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Toxins and uterine fibroids.


Women's health conditions seem to be dominated by women's hormones. Estrogen, testosterone, and progesterone are the main players. Thyroid hormones, Cortisol, and DHEA have a role as well. These hormones are involved in the development of common conditions affecting women such as fibroids, endometriosis, and PCOS. Environmental toxins that women are exposed to everyday in low doses alter women's hormones. Toxins can be present in small amounts in our food, water, cleaning, and grooming products. Research has repeatedly proven the link between toxins and women's hormonal conditions. The main culprits are bisphenols, phthalates, pesticides, and some heavy metals. It is important for patients and practitioners to understand the link between the toxins and women's hormonal issues, such as fibroids, in order to prevent and treat this conditions.


Uterine leiomyomas, also called fibroids, are an estrogendriven condition affecting numerous women in the US. They are benign proliferations of smooth muscle cells of the myometrium. They are most common in the reproductive years and regress in menopause as estrogen levels decline. Fibroids account for a majority of hysterectomies done in the US. But not all fibroids cause symptoms or require surgery. Generally, they become a problem when their location results in heavy bleeding or spotting affecting a woman's quality of life. They can be located in the muscular wall of the uterus, called intramural, just beneath the uterine serosa, called subserosal, and beneath the endometrium, called submucosal. Some can be pedunculated, meaning it remains connected to the uterus with a stalk. (1,2)

Fibroids are hormonally responsive to both estrogen and progesterone. Risk factors include race (more prevalent in African American women), early menarche, nulliparity, perimenopause, alcohol use, oral contraceptive use, and hormone replacement therapy. The theme being hormones. Estrogen can induce their growth as seen during pregnancy. It is believed estrogen may stimulate the production of progesterone receptors in the myometrium; and, then, progesterone stimulates the production of growth factors causing the growth of fibroids. (1,2)

The exact mechanism is unclear. The influence of endocrinedisrupting chemicals (EDCs) is, however, becoming clear.

Bisphenol-A, BPA

BPA is a known endocrine-disrupting chemical present in the lining of canned food, soda and beer cans, reusable plastic beverage bottles (Polycarbonate plastic #7), dental sealants, and paper receipts from a cash register. Women are exposed daily without knowing its impact on hormonal health. A recent study measuring urinary concentrations of BPA in almost 500 women with fibroids compared to women without fibroids showed a clear connection. (3) Urinary BPA levels were higher in women with fibroids compared to those without fibroids. Studies trying to determine the mechanism of action of BPA on fibroid growth and development have shown that BPA promotes the growth of fibroid cells and the expressions of estrogen receptor alpha (ERa), insulin-like growth factor-1 (IGF-1), and vascular endothelial growth factor (VEGF). (4) Some studies on the link between BPA and fibroids show inconsistent results. A 2013 study looking at blood BPA levels and fibroids showed there were no differences in the blood BPA level among women with and without fibroids. However, some statistical differences were present among subgroups classified by the size of the uterine fibroid; the more severe the uterine fibroid was, the higher the level of BPA. (5)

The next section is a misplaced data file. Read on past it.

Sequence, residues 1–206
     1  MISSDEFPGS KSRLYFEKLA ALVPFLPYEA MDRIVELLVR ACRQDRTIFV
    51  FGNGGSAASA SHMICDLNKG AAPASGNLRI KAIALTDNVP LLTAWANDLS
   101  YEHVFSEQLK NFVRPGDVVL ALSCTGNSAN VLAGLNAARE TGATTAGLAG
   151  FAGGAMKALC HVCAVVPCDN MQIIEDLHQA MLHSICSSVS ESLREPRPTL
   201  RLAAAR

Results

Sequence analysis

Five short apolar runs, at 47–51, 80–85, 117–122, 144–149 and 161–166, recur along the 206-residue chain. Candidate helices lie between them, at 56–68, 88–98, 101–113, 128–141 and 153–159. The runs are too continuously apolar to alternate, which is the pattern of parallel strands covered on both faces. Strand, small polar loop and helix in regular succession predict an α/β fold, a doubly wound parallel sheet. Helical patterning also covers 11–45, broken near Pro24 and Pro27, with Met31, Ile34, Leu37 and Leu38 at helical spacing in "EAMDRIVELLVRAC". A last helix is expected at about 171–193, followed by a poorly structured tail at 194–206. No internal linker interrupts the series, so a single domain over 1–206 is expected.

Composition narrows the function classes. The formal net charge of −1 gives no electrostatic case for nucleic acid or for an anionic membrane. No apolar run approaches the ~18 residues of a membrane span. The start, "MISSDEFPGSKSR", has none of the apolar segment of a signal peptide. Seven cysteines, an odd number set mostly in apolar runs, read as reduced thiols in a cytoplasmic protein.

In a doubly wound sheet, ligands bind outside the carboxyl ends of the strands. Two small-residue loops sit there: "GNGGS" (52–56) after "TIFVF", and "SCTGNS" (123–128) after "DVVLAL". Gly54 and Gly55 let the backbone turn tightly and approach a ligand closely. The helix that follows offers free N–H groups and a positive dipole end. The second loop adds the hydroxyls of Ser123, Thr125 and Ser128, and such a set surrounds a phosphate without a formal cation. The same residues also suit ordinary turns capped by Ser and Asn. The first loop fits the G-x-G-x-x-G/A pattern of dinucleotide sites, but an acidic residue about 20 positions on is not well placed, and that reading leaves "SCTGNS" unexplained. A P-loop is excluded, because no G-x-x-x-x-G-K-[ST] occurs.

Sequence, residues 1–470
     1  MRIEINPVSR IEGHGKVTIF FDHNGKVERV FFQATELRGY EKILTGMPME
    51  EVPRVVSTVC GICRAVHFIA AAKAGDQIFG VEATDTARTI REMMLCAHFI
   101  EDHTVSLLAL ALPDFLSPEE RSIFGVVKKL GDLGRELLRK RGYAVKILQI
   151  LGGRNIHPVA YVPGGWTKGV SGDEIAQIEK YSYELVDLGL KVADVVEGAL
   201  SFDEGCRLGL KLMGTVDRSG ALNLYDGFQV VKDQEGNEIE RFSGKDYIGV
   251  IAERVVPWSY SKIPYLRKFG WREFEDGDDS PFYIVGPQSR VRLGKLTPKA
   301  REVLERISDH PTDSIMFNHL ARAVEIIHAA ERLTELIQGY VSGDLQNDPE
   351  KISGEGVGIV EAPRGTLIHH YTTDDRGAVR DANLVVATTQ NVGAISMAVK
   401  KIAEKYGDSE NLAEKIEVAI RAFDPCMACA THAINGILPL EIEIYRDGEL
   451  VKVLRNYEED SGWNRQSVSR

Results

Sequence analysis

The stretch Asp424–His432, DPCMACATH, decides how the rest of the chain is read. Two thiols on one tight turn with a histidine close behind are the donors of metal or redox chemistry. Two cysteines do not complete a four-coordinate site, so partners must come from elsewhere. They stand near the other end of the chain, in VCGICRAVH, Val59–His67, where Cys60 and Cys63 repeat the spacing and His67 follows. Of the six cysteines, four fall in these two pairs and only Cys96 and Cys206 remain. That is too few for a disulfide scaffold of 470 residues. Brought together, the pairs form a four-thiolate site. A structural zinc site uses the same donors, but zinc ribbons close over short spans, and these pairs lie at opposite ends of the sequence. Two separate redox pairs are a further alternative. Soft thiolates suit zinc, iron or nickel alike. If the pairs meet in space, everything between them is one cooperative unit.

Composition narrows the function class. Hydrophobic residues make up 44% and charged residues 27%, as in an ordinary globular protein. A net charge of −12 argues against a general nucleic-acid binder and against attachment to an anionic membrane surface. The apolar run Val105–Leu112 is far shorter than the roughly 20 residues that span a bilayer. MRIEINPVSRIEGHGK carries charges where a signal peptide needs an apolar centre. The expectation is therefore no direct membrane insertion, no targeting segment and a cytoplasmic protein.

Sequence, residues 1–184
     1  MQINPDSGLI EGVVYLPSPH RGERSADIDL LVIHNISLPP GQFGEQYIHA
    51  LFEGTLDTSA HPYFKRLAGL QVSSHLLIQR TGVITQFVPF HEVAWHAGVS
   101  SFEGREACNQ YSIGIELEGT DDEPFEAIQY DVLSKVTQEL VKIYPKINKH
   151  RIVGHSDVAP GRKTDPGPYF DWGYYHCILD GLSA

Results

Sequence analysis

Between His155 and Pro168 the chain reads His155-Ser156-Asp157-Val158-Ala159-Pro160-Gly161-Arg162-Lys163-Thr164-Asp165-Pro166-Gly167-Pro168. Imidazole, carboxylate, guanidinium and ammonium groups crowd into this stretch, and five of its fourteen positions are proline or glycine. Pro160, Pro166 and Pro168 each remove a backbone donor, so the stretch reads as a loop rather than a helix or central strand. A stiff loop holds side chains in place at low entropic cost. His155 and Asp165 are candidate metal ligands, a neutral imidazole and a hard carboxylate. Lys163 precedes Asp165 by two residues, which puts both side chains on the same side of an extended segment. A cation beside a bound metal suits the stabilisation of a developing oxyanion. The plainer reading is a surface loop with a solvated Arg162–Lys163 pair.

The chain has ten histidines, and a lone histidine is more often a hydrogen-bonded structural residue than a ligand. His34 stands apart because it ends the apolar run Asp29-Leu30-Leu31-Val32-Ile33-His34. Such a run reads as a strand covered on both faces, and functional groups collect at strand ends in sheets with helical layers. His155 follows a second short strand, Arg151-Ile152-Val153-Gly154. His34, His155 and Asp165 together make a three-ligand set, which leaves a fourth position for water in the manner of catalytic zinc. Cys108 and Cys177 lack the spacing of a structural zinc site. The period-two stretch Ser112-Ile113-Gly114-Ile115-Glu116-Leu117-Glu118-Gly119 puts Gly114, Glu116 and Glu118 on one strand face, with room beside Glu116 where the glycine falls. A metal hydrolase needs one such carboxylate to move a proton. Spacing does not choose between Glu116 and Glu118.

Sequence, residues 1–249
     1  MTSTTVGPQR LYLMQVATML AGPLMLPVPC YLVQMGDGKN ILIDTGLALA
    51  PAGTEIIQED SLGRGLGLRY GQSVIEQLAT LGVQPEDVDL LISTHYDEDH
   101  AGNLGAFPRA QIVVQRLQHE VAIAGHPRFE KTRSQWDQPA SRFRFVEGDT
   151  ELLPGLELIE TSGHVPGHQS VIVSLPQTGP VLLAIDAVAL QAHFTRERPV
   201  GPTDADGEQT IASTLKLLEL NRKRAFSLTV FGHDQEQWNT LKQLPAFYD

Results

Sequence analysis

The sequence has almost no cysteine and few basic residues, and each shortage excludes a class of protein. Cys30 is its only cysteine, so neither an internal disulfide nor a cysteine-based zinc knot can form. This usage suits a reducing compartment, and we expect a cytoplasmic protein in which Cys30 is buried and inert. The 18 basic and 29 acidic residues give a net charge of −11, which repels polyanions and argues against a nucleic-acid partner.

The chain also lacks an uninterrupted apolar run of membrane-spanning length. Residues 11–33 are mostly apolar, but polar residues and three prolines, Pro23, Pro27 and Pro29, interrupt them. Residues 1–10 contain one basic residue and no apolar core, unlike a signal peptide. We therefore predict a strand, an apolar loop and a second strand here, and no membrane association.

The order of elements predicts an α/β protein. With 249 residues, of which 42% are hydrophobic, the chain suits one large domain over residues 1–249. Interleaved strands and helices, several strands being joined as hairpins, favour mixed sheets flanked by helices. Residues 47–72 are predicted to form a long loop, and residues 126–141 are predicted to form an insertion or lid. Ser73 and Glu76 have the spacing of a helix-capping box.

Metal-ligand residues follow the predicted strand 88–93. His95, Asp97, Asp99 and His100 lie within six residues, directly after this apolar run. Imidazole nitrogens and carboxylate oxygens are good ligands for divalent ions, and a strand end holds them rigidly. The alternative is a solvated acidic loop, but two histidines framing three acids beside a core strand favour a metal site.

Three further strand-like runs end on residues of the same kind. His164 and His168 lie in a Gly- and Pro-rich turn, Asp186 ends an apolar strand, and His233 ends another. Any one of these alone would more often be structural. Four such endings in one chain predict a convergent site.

Phthalates are known endocrine-disrupting compounds present in many consumer products. They are used in vinyl flooring, plastic clothes and household items (raincoats, shower curtains and placemats), soaps, shampoos, hair sprays, nail polishes, garden hoses, inflatable toys, medical tubing, and some children's toys. They are in anything fragranced such as some perfumes, deodorants, laundry detergents, and more. Phthalates are in food items such as meats and cheeses, plastic food storage containers, and wraps. They are hard to avoid and harder to identify on a label because there are many forms, including DBP (dibutyl phthalate), DINP (diisononyl phthalate), DEP (diethyl phthalate), DEHP (di 2-ethylhexl phthalate), DMP (dimethyl phthalate), BBP (benzyl butyl phthalate), DNOP (di-noctyl phthalate), and DIDP (diisodecyl phthalate). Phthalates are linked to many hormonal conditions, including uterine fibroids.

A small study done in 2016 looked at the urinary concentration of 16 phthalate metabolites in 57 women with and without uterine fibroids. DEHP was significantly associated with fibroids. (6) A second small study in 2016 again showed phthalates linked to fibroids. Urinary levels of the phthalate monoesters MiBP, MnBP, MEHP, MEHHP, MECPP, DEHP, and DBP were elevated in women with fibroids compared to controls. (7) These were small, case-controlled studies, and critics want larger studies to prove a correlation. A 2010, cross-sectional study was done of four urinary phthalate metabolites in relation to uterine fibroids among 1,227 women, age 20-54, from three cycles of the National Health and Nutrition Examination Survey (NHANES), 1999-2004. This was a large population-based study that showed an association between the DBP phthalate metabolite MBP and uterine fibroids. (8)

Persistent organic pollutants (POPs)